Earth. In all of the dark night sky, littered with gleaming stars and far-off galaxies, this single orb of glittering blue and scarred land mass remained the last safe sanctuary for mankind. Humanity was not alone. The sacred places of the world, from the strongest of nations to the solitary reaches of uninhabited desolations, had been raided, burned to the ground, their inhabitants destroyed. For such was the way of things, and humans were no longer the masters of their own fate. They were dying for a long time, dying and dying in droves of millions, billions- until The Traveler saved them.
Aaren Talon gazed silently at the world- his world- beneath him, staring through the glass viewport on the bridge of his ship, the Crimson.
“All we have is hope. All that hope is rests within humanity. If humanity dies, then so does hope. And the hope of many lies upon you.”
The human blinked once, eyelids flashing over eerily bright blue irises for a fraction of a second. When Aaren’s eyes opened again, the world had changed. Indistinguishably, he knew, but it had- because every second he waited, every passing moment, humanity was fighting, growing, struggling- and it was his duty as a Guardian to protect it.
The human straightened himself in his pilot’s seat, using his left hand to reach out and touch a control stick as his left inputted a sequence of coordinates and commands in a small keypad to his left. Talon took one last glance at Earth before he simultaneously hit “enter” on the keypad and threw the stick forwards, jerking him backwards in the chair as the Crimson accelerated. After the momentary disorientation of the speed change wore off, Aaren forced himself up, knowing that in several minutes he’d have reached his destination, and walked away from the bridge, down towards the small armory in the aft section of his ship.
Upon entering, his hands moved of their own accord, piecing together his armor and moving different plates into position on his flight suit. Finally, Aaren pulled his gauntlets over his hands, clipped his cloak on- tugging on the fabric twice to ensure it wouldn’t come off- and reached for his helmet, the wide viewplate reflecting his own image back at him. Talon paused, cocking his head.
Looking himself over once, he saw a man- tall, wiry and muscled, dressed in a padded dust-and gray- colored flight suit, cold metal armor protecting most of his chest, a small electronic readout on his upper left breastplate, while the rest of his outfit was mostly gray leather and cloth, worn and faded, but still decent protection from both the elements and a knife blade. On his right shoulder, a pauldron of bone overlaid with bright metal rested, and his forearms were covered by steel vambraces with jutting crests of wicked points. His lower body was less armored, so as to preserve mobility, while his pants were also stitched with pouches to carry supplies or extra ammunition, kneeplates hidden behind some cloth, and his boots rose to mid-calf, where the excess pantleg was tucked in to prevent snagging. At his waist a holster hung from his right hip, the butt of a revolver sticking out, and a belt of ammunition, holding both clips and ammo cylinders, and a long-barreled assault rifle hung on his back.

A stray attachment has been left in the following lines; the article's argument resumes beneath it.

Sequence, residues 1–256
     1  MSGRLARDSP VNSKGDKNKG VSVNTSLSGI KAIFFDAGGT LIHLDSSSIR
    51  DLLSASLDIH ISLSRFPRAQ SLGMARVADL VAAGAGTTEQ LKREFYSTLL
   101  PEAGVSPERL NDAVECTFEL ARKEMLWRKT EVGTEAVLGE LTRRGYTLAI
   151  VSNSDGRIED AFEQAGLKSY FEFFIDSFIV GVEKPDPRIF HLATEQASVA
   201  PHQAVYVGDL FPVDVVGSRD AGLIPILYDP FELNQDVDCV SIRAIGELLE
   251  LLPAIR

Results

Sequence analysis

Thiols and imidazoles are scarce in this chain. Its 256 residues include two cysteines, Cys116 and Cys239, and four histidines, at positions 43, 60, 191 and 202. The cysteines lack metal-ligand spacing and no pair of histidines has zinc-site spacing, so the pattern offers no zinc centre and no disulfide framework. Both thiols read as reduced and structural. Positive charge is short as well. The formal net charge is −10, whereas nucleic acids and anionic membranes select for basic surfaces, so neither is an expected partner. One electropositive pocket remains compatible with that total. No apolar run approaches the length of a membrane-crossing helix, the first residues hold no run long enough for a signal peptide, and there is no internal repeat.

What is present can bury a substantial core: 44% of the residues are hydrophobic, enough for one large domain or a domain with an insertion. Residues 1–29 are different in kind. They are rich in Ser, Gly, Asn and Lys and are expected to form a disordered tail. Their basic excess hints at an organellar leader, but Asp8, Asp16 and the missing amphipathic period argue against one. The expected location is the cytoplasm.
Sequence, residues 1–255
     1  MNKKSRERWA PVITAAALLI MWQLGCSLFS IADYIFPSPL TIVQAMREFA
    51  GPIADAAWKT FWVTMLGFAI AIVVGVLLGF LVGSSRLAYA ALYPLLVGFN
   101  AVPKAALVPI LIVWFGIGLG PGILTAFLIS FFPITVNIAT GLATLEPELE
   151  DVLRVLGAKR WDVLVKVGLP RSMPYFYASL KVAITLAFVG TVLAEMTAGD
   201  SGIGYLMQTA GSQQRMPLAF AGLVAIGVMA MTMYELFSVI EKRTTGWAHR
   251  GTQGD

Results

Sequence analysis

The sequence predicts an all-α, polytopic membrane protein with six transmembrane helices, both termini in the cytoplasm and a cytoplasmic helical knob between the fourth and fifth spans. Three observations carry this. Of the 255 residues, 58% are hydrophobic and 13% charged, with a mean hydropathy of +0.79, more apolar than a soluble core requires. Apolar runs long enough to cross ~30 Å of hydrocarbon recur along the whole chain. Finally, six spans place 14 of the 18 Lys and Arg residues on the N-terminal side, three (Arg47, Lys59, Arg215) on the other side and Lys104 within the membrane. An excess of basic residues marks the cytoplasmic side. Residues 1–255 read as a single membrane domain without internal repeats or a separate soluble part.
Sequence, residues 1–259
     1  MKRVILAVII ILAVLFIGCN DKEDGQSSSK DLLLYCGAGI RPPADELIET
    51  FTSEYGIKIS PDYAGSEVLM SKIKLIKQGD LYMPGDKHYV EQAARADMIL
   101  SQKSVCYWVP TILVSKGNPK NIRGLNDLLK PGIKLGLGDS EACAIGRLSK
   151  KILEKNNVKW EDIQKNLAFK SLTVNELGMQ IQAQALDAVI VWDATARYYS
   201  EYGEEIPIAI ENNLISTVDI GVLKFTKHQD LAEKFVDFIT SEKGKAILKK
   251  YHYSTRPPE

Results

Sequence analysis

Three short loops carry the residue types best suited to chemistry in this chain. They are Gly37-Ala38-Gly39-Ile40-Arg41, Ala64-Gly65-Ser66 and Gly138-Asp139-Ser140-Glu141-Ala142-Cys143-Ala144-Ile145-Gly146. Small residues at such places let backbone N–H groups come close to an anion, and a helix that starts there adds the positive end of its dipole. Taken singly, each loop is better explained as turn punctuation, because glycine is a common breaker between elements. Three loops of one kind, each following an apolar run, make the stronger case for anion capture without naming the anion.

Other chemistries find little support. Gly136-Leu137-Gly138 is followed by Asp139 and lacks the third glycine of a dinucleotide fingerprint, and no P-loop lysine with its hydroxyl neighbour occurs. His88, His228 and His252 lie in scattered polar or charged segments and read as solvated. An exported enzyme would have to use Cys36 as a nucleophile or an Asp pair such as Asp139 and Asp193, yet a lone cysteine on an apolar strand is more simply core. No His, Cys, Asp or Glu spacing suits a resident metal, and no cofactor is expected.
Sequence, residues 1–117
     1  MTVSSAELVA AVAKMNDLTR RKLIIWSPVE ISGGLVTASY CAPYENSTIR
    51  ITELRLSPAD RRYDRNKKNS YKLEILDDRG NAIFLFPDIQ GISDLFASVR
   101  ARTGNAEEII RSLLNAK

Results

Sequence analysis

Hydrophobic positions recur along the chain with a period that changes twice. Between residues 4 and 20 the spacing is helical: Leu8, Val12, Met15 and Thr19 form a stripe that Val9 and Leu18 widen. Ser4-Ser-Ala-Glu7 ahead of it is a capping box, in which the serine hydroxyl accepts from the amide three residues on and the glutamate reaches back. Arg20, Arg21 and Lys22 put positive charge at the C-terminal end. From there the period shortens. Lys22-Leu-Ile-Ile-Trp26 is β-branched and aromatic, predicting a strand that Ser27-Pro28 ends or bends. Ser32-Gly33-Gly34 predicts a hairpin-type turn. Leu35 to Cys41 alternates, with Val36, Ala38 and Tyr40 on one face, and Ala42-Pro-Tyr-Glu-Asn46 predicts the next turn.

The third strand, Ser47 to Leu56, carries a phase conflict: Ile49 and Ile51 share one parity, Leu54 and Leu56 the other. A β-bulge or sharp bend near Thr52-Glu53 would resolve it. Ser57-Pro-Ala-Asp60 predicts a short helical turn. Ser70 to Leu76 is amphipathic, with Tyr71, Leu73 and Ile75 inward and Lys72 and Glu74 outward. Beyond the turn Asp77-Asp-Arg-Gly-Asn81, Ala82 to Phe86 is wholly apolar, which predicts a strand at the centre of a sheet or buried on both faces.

Aaren exhaled as he lifted the helmet above his head, and closed his eyes as he brought it back down, the back of the armor piece connecting to the base of his neck, where the wraparound of his chestplate checked the serial number of the helmet, verified its occupant, and accepted it. There was a small hiss as the armor compressed, and scrubbed air filtered into the helmet’s mouth. Finally, Talon reached behind him, and pulled his cloak’s hood over his head. The color of the garment, a dark blue, was not a random choice. It meant something. A guardian’s choice of color always meant something, and in Aaren’s eyes, blue stood for one of the only things left to him- ch’arlen. A word from another language, one that had no proper human equivalent.
“It’s not exactly easy to explain,” he’d been told. “But the closest thing it translates to is a will to survive, to gain. A refusal to give in or to die.”
A single “beep” issuing from his helmet’s headset cut into Aaren’s thoughts, informing him of the Crimson’s halt at his destination. The Guardian turned on his heel, exited the room, and strode purposefully to the personnel airlock, a small cylindrical space, hitting a red panel on the side of a wall. He waited several seconds as he was scanned before it turned green, the door opened, and he stepped forward. Suddenly, he halted at the lip of the exit, looking at the damp ground before him. The words of his own creed echoed in his mind.
And this is the Hunter’s way,
to live unchained,
to die free,
for glory gained,
and that to be.
Aaren stepped to Earth.